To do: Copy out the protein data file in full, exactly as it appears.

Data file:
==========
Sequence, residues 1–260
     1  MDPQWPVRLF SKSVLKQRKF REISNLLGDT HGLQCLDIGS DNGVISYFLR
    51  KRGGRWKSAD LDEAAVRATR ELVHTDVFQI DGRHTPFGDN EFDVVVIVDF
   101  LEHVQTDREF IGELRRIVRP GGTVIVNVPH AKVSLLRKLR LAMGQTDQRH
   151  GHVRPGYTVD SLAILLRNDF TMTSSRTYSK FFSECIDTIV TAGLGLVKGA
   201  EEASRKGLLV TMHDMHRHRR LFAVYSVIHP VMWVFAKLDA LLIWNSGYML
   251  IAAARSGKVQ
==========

Sequence, residues 1–260
     1  MDPQWPVRLF SKSVLKQRKF REISNLLGDT HGLQCLDIGS DNGVISYFLR
    51  KRGGRWKSAD LDEAAVRATR ELVHTDVFQI DGRHTPFGDN EFDVVVIVDF
   101  LEHVQTDREF IGELRRIVRP GGTVIVNVPH AKVSLLRKLR LAMGQTDQRH
   151  GHVRPGYTVD SLAILLRNDF TMTSSRTYSK FFSECIDTIV TAGLGLVKGA
   201  EEASRKGLLV TMHDMHRHRR LFAVYSVIHP VMWVFAKLDA LLIWNSGYML
   251  IAAARSGKVQ